A total of 33 different oil companies, ranging from the large international majors to smaller domestic exploration companies, were awarded ownership interests in one or more production licences.

“This is the largest licensing award on the Norwegian continental shelf. 53 years after the first licensing round, this new record confirms the industry’s belief in continued value creation and activity in Norway,” the Minister of Petroleum and Energy, Mr Kjell-Børge Freiberg, said.

As part of efforts to reduce its reliance on oil imports, one of Nigeria’s biggest customers, India, has offered 14 blocks for oil and gas exploration in the latest auction round under which winning bidders can carve out areas for drilling.

The second round of the country’s Open Acreage Licensing Policy opened for bids on January 8 and will close on March 12. These blocks are expected to be awarded in May, according to S&P Global Platts.

It will be the second auction under the new Hydrocarbon Exploration and Licensing Policy approved by Prime Minister Narendra Modi’s government in March 2016. The first round was launched in January last year.

HELP forms part of a government strategy to double India’s oil and gas output by 2022-2023.

Reuters reported last month that 16 oil and gas firms had submitted applications for one or more of five Ghanaian offshore blocks in the West African country’s first exploration licensing round.

Ghana, which currently produces 200,000 barrels of oil per day, is keen to unlock more resources after it began pumping from its flagship offshore Jubilee field in 2010.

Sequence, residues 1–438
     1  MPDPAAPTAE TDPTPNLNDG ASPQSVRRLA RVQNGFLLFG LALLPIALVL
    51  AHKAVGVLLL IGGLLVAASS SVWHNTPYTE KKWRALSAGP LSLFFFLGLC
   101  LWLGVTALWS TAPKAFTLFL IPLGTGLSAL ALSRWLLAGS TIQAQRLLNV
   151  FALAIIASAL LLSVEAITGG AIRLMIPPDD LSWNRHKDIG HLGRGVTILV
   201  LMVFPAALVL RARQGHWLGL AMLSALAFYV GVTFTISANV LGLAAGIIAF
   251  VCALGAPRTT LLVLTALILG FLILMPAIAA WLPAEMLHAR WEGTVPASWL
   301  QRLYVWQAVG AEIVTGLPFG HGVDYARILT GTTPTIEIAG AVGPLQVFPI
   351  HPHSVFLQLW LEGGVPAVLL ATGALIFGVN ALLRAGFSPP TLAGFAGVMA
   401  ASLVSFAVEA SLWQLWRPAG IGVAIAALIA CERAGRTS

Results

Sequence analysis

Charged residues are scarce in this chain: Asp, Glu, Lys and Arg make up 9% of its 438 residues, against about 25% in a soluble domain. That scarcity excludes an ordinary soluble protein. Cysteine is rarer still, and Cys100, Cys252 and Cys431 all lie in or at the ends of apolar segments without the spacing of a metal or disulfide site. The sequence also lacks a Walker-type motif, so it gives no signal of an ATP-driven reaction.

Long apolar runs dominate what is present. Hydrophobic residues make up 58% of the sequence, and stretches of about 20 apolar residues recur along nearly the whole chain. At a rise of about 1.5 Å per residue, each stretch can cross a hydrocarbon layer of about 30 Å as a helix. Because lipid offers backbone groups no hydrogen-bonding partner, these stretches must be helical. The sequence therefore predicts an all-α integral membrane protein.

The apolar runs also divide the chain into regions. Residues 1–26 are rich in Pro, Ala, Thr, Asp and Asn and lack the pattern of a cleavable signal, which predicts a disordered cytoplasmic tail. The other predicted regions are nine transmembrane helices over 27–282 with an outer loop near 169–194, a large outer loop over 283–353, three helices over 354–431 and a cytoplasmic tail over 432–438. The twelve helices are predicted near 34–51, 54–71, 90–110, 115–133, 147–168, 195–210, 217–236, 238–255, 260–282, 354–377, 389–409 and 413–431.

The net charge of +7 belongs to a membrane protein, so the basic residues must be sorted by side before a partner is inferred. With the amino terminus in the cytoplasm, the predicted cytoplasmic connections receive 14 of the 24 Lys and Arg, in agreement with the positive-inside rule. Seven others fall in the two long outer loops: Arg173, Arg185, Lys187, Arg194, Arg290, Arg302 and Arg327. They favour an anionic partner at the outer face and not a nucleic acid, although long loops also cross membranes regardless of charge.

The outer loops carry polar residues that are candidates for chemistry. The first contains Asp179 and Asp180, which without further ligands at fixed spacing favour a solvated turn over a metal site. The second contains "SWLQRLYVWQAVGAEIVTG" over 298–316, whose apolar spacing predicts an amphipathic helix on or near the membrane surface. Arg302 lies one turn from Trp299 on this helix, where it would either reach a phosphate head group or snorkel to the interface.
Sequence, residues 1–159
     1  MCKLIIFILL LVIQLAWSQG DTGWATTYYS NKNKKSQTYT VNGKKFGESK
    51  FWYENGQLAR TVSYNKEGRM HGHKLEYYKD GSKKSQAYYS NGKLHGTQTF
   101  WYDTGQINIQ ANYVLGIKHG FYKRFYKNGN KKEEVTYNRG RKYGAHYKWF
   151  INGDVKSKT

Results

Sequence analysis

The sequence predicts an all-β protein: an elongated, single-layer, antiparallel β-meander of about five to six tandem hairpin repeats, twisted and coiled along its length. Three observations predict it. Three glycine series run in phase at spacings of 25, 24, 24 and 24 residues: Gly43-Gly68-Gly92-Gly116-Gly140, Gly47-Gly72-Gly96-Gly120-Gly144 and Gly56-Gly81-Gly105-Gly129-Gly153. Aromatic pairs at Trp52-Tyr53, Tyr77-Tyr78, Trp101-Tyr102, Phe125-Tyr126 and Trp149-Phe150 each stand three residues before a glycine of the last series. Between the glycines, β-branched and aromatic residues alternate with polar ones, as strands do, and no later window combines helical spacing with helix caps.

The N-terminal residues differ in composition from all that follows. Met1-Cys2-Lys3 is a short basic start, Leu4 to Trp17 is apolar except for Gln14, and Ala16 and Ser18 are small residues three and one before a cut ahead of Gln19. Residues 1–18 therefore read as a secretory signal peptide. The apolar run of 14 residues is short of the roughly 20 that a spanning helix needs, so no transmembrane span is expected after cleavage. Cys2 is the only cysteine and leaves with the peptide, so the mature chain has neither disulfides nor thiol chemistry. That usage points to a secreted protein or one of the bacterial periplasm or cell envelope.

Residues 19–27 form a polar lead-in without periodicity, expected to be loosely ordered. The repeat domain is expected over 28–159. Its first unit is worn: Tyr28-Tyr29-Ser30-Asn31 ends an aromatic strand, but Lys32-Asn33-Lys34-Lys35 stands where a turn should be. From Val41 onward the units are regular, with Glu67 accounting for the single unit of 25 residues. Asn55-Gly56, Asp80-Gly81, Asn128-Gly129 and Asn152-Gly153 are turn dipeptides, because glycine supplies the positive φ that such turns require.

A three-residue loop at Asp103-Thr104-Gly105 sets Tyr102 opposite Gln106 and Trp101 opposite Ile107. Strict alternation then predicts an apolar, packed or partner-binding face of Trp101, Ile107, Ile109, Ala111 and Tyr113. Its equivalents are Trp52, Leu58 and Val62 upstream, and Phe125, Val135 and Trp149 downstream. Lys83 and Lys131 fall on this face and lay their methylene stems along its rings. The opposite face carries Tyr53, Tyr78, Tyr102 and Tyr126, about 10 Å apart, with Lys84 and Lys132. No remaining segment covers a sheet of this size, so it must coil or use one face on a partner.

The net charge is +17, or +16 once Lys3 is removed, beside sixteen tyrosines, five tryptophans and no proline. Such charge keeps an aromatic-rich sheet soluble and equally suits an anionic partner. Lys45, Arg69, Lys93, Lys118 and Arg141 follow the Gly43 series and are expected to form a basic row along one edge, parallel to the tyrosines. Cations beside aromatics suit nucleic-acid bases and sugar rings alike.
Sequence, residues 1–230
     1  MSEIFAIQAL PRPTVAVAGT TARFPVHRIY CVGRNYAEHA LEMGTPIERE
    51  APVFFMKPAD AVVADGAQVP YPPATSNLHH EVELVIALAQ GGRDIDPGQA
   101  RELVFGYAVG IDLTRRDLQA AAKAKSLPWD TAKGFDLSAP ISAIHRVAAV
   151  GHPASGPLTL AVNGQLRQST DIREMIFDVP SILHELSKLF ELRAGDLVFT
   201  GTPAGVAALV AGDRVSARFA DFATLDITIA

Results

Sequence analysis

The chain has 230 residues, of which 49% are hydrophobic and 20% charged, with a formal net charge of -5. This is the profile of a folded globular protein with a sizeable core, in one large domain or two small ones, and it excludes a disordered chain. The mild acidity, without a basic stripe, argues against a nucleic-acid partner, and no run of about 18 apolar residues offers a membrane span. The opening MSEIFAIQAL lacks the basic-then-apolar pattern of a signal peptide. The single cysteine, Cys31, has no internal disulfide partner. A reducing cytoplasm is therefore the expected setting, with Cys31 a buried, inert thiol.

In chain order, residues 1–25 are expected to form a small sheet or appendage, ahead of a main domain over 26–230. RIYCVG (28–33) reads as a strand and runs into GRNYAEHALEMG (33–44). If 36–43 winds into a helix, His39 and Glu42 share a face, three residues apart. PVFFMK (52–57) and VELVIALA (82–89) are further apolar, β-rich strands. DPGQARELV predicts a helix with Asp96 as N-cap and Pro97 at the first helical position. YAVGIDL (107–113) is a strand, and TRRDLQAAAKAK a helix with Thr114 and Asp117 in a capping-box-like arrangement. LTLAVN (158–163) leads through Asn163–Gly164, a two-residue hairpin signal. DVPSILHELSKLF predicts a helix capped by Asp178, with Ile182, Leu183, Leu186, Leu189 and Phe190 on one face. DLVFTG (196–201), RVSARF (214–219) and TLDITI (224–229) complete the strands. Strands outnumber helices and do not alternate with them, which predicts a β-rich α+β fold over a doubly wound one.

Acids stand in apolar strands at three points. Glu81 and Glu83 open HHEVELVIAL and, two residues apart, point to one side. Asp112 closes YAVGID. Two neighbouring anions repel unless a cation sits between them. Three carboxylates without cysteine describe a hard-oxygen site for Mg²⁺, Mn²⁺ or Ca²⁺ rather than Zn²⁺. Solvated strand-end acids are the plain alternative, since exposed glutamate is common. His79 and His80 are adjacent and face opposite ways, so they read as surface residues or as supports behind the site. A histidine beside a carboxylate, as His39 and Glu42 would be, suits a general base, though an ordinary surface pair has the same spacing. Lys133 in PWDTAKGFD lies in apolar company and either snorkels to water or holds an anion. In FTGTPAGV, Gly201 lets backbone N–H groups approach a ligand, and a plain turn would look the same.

“Τhe high level of interest shown by major International Oil Companies in our first licensing round is a vote of confidence in the Ghanaian economy,” Deputy Minister for energy in charge of petroleum, Mohammed Amin Adam, was quoted as saying.

The Managing Director, Neconde Energy Limited, Mr Frank Edozie, told our correspondent that most operators in the Nigerian oil industry had slashed spending on exploration activities.

The delay in passing the Petroleum Industry Bill had brought about “significant amount of uncertainty” about the future of the industry.

He said, “What that has done is that people are hedging their bets; nobody is exposing themselves in terms of significant expenditure on exploration. Exploration is looking for production of the future. Because the future of the industry is not clear due to uncertainty around the bill that will become law to govern the industry, people are shying away from investing in exploration.